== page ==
Manufacturers of distilled spirits are in the midst of an extensive media campaign intended to slow the continuing sales slide of their category--battered over the last several years by growing consumer preferences for lighter-alcohol beverages such as sparkling wines, coolers and imported beers.
"Liquor--Good Spirits, Good Sense" is the banner under which the industry hopes to help reacquaint consumers with the likes of gin, bourbon and Scotch.
At the heart of the program is one particularly innovative suggestion: the use of spirits as a mealtime beverage. By making the connection between liquor and food, the distillers are admittedly taking a page from similarly successful promotions by the California wine industry. Except there is likely to be at least some initial resistance to serving highballs with haute cuisine.
In any event, the campaign's sponsor, the Distilled Spirits Council of the United States, hopes to convince Americans that quaffing a gin and tonic with broiled snapper is as natural as drinking beer with chili or sipping Cabernet Sauvignon with top sirloin.
At the heart of the council's plan is a flavor chart that pairs the five major spirits (vodka, gin, Scotch, rum and bourbon) with main courses, side dishes, seasonings and desserts. Some of the more unusual matchups include bourbon with Polish kielbasa, rum alongside turkey, Scotch as a pate companion and gin with fresh berries.
Another portion of the promotion involves the familiar use of spirits in recipes. However, even in this area the council breaks new ground by suggesting things such as the addition of Scotch to vegetable soup.
Less Equivalency--A beverage industry trade journal reports that Joseph E. Seagram & Sons Inc. is ending its highly controversial campaign of alcohol equivalency.
For more than a year, the nation's leading distiller had spent heavily on promotional literature and advertising to convey its message that typical, single servings of beer, wine and spirits contained the same amount of alcohol. For example, the frequent comparison was that the alcohol present in a 12-ounce bottle of beer, a five-ounce serving of wine and 1.25-ounce shot of spirits was identical.
The multimillion-dollar campaign was criticized sharply by both the beer and wine industries as misleading. There were also claims that Seagram was using the equivalency theme to lobby for an increase in beer and wine excise taxes to match the higher levies on distilled spirits.
According to the Wine Investor, a Seagram executive, Edgar Bronfman Jr., stated in both a recent speech and memo that "the public campaign of equivalence has become an unbearably divisive influence on (the industry's) common enterprise."
Bronfman went on to state, according to the Los Angeles-based newsletter, that: "More significantly, it now appears that the controversy is confusing our customers and eroding confidence i1847615776and wine segments who have reacted so vigorously and negatively to the public campaign of equivalence will recognize this step for the sincere effort toward industrial harmony that it is."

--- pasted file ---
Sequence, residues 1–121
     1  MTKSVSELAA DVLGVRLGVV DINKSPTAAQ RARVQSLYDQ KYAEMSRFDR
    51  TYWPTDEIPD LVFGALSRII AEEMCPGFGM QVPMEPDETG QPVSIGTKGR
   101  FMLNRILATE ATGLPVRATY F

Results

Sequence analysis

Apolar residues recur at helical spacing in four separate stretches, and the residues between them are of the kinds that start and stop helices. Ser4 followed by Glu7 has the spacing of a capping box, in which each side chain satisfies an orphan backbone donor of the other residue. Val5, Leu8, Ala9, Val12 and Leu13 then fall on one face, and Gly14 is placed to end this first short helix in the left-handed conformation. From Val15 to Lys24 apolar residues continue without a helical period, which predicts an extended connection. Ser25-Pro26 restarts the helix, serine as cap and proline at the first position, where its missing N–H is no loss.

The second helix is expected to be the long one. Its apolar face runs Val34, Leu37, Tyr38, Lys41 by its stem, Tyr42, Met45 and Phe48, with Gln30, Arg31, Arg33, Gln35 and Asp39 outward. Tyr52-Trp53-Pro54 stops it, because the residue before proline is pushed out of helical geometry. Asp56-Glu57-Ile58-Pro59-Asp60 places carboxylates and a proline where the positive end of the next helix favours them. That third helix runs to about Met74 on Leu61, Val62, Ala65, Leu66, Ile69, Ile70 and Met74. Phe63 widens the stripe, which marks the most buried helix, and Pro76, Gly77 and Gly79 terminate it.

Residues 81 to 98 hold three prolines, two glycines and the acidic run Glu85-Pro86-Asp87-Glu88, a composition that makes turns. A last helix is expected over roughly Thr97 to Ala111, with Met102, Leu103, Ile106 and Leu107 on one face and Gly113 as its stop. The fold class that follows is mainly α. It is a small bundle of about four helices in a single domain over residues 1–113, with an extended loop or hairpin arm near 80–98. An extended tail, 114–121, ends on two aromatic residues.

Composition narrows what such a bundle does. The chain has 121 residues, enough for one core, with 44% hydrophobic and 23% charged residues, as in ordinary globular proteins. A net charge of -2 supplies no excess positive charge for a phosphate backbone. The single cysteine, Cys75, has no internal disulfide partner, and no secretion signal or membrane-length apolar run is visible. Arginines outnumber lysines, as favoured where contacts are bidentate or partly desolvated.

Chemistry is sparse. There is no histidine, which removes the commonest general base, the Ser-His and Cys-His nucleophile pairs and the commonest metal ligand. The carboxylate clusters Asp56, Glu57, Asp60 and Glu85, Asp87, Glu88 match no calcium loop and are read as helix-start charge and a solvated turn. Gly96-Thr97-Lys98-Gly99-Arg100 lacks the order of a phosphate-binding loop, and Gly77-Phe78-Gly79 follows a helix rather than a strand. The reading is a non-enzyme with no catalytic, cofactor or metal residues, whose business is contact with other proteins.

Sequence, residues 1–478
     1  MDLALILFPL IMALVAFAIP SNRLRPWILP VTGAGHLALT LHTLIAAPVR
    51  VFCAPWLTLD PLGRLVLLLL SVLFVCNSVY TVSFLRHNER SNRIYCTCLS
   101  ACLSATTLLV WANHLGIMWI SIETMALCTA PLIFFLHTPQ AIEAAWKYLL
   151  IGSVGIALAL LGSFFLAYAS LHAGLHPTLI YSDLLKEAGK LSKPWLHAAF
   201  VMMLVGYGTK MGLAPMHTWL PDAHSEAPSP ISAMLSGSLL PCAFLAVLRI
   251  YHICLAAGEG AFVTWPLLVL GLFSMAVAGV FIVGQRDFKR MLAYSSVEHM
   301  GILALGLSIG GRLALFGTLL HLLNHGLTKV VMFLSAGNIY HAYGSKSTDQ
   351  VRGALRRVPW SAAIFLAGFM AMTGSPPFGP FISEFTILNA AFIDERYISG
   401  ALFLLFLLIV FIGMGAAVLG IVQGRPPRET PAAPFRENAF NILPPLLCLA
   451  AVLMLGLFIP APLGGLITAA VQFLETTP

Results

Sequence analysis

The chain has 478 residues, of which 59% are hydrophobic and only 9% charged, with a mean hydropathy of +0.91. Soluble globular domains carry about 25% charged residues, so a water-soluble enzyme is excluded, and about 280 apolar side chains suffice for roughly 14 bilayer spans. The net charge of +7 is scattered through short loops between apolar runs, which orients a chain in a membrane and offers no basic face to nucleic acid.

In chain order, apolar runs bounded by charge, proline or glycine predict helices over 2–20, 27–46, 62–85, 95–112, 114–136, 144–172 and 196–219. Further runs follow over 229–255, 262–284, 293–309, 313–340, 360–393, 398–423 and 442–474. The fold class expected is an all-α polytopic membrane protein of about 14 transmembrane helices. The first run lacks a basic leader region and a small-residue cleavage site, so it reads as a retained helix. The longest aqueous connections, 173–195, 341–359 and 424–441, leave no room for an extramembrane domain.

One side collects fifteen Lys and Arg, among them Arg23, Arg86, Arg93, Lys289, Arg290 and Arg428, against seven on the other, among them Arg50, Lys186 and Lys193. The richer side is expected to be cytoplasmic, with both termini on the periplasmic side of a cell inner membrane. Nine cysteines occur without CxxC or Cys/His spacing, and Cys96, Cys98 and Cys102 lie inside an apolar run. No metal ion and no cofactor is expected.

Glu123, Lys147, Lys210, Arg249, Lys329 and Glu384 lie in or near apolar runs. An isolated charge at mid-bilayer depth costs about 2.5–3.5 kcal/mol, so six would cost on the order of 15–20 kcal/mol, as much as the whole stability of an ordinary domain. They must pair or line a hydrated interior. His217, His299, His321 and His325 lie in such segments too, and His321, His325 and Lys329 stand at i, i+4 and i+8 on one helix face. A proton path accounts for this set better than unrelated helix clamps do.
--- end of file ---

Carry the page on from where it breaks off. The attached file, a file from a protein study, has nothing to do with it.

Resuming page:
Another consideration in Seagram's decision to apparently shelve the equivalency campaign is that the company is the second leading producer of wines in the United States, in addition to being a major wine importer. Some of the Seagram's California properties include Monterey Vineyards, Paul Masson, Taylor California Cellars and Sterling Vineyards.
Lack of Proof--On a related front is the rather confusing listing for alcohol content on spirits labels. Since the end of Prohibition, the word proof has been used to indicate strength. But the figure is expressed as a percentage that is double the actual alcohol content. For example, a gin, bourbon or Scotch listed as 100 proof contains 50% alcohol.
The term originated with British distillers in the 17th Century, according to Harold McGee in his book, "On Food and Cooking" (Charles Scribner's Sons: $29.95).
At that time, one way of determining whether spirits were at proper alcohol-water ratios was quite inflammatory. McGee writes: "The proof test itself involved moistening gunpowder with the spirits, and then lighting it. If it burned slowly, it was at proof; if it sputtered or burst into flame, it was under or over proof respectively."
Explosive lore aside, the proof measurement is soon to be a phase of the past. In an effort to avoid unnecessary division or multiplication, the Bureau of Alcohol, Tobacco and Firearms has announced that by October, 1988, all domestic and foreign distillers must list the percentage of alcohol on each bottle of spirit sold in this country.
The move was made, according to an agency statement, because "percent-alcohol-by-volume is a more readily understood and recognized term for conveying alcohol content to the purchaser."
Historically, the proof calculation has applied to spirits and not to beers or wine.